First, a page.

We reiterated in early 1995 that “Texas law is quite clear that venue determinations are not reviewable by mandamus.” 19  But a few months later, the Legislature enacted section 15.0642 authorizing parties to seek mandamus “to enforce the mandatory venue provisions,” along with a timetable for seeking mandamus.20  The Legislature left in place the “presumed harm” rule for challenging venue in an appeal after trial.21  Thus, section 15.0642 poses a conundrum:  venue decisions are not reviewable by mandamus because they are correctable by appeal, but section 15.0642 authorizes mandamus review of mandatory venue decisions.   Either the availability of mandamus relief under the statute is largely illusory, or we must dispense with the requirement of showing inadequate appellate remedy in mandatory venue cases.

 Our goal in construing a statute is to carry out the Legislature's intent.22  The language of section 15.0642 seems to contemplate a review of the merits of the trial court's decision on mandatory venue.   Yet if we still insist on a particularized showing of inadequate remedy by appeal, then a court could rarely, if ever, “enforce the mandatory venue provisions” by mandamus.  Proffer is the exception that illustrates the near-impossibility of showing that appeal is inadequate to remedy an erroneous venue decision.   We do not lightly presume that the Legislature may have done a useless act.23  Rather, we presume the Legislature intended “a result feasible of execution.” 24  To effectuate the Legislature's intent, we conclude that adequacy of an appellate remedy is not a requisite of a mandatory venue mandamus under section 15.0642.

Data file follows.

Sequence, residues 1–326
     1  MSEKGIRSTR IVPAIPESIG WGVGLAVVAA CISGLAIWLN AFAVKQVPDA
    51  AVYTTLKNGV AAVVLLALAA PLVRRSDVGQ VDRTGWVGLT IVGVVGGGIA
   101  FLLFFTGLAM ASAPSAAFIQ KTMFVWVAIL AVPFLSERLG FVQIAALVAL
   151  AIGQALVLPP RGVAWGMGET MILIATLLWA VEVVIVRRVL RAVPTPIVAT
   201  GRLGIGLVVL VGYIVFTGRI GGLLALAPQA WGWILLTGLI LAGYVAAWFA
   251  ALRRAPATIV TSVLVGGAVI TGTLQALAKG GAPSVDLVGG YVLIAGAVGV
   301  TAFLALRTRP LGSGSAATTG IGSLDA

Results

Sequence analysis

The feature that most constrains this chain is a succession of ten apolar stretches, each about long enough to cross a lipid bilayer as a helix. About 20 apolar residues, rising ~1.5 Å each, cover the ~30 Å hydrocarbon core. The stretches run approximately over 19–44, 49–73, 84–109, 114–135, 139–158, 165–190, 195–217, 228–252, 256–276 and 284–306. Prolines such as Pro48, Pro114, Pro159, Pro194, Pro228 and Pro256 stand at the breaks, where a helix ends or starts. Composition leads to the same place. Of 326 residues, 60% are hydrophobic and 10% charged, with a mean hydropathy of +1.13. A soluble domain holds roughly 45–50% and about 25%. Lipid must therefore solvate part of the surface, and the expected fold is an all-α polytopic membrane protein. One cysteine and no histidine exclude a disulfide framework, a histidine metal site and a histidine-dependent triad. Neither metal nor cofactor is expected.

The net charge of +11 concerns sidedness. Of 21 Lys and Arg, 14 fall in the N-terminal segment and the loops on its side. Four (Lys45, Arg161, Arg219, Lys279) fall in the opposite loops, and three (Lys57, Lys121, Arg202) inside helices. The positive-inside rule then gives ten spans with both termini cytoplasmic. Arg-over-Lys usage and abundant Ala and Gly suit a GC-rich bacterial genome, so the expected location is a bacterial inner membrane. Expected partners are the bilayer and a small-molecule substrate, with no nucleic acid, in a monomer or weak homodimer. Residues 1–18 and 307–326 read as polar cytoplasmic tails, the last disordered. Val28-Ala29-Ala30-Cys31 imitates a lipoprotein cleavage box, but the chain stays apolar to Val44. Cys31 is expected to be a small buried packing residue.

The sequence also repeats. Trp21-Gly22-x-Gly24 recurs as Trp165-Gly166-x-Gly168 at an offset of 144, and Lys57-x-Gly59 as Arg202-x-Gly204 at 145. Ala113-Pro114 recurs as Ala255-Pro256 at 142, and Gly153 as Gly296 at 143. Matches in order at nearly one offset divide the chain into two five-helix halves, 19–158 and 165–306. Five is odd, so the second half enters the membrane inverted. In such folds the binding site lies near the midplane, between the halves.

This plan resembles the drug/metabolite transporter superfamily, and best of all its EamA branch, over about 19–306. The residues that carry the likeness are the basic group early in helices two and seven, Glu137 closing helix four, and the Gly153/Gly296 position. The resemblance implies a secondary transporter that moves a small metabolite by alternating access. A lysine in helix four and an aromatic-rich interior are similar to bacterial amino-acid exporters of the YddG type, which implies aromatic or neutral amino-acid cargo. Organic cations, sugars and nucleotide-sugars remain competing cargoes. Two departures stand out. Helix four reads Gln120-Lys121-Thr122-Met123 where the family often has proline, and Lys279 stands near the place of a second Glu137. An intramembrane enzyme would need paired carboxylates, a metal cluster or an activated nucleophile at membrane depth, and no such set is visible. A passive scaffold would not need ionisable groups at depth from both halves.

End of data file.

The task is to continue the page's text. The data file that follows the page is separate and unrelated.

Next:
Thus, the focus of a mandamus proceeding under section 15.0642 is whether the trial court abused its discretion.   The trial court has no discretion in determining the legal principles controlling its ruling or in applying the law to the facts.25  A trial court does not have the discretion to make an erroneous legal conclusion even in an unsettled area of law.26  Therefore, we review in these cases whether the trial courts failed to analyze or apply the law correctly when they refused to transfer the cases to the defendants' chosen venue.

 The parties' pleading and proof limits a trial court's discretion to determine venue.   A plaintiff's choice of venue stands unless challenged by proper motion to transfer venue.27  Once challenged, the plaintiff has the burden to present prima facie proof by affidavit or other appropriate evidence that venue is maintainable in the county of suit.28  The plaintiff's prima facie proof is not subject to rebuttal, cross-examination, impeachment, or disproof.29  However, if the plaintiff fails to discharge the burden, the right to choose a proper venue passes to the defendant, who must then prove that venue is proper in the defendant's chosen county.30  The controlling issue here is what the plaintiffs had to plead and prove to establish venue in “the county where the defendant's principal office in this state is located” under the FELA venue statute.31